Volume 414, Number 1, January IV 2004
|Page(s)||335 - 350|
|Published online||12 January 2004|
Dust in brown dwarfs
III. Formation and structure of quasi-static cloud layers
Zentrum für Astronomie und Astrophysik, Technische Universität Berlin, Hardenbergstraße 36, 10623 Berlin, Germany
2 Konrad-Zuse-Zenrum für Informationstechnik Berlin, Takustraße 7, 14195 Berlin, Germany
Corresponding author: P. Woitke, email@example.com
Accepted: 13 October 2003
In this paper, first solutions of the dust moment equations developed in (Woitke & Helling [CITE]) for the description of dust formation and precipitation in brown dwarf and giant gas planet atmospheres are presented. We consider the special case of a static brown dwarf atmosphere, where dust particles continuously nucleate from the gas phase, grow by the accretion of molecules, settle gravitationally and re-evaporate thermally. Mixing by convective overshoot is assumed to replenish the atmosphere with condensable elements, which is necessary to counterbalance the loss of condensable elements by dust formation and gravitational settling (no dust without mixing). Applying a kinetic description of the relevant microphysical and chemical processes for TiO2-grains, the model makes predictions about the large-scale stratification of dust in the atmosphere, the depletion of molecules from the gas phase, the supersaturation of the gas in the atmosphere as well as the mean size and the mass fraction of dust grains as function of depth. Our results suggest that the presence of relevant amounts of dust is restricted to a layer, where the upper boundary (cloud deck) is related to the requirement of a minimum mixing activity (mixing time-scale s) and the lower boundary (cloud base) is determined by the thermodynamical stability of the grains. The nucleation occurs around the cloud deck where the gas is cool, strongly depleted, but nevertheless highly supersaturated (). These particles settle gravitationally and populate the warmer layers below, where the in situ formation (nucleation) is ineffective or even not possible. During their descent, the particles grow and reach mean radii of ≈ at the cloud base, but the majority of the particles in the cloud layer remains much smaller. Finally, the dust grains sink into layers which are sufficiently hot to cause their thermal evaporation. Hence, an effective transport mechanism for condensable elements exists in brown dwarfs, which depletes the gas above and enriches the gas below the cloud base of a considered solid/liquid material. The dust-to-gas mass fraction in the cloud layer results to be approximately given by the mass fraction of condensable elements in the gas being mixed up. Only for artificially reduced mixing we find a self-regulation mechanism that approximately installs phase equilibrium () in a limited region around the cloud base.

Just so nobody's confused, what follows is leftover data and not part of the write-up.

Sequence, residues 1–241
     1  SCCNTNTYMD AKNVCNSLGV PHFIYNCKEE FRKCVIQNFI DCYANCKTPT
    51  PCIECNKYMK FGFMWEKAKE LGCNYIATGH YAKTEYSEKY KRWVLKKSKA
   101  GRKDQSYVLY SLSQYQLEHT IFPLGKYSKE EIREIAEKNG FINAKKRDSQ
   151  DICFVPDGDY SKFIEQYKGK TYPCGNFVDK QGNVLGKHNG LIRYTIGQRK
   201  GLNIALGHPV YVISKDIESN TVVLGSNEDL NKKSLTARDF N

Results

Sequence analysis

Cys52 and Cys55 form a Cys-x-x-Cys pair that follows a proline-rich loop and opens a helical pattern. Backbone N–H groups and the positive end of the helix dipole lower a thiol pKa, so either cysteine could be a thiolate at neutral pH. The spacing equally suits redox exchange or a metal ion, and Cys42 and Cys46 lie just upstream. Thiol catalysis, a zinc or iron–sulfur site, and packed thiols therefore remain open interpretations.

Key words: stars: atmospheres / stars: low-mass, brown dwarfs / dust, extinction / molecular processes / methods: numerical
© ESO, 2004
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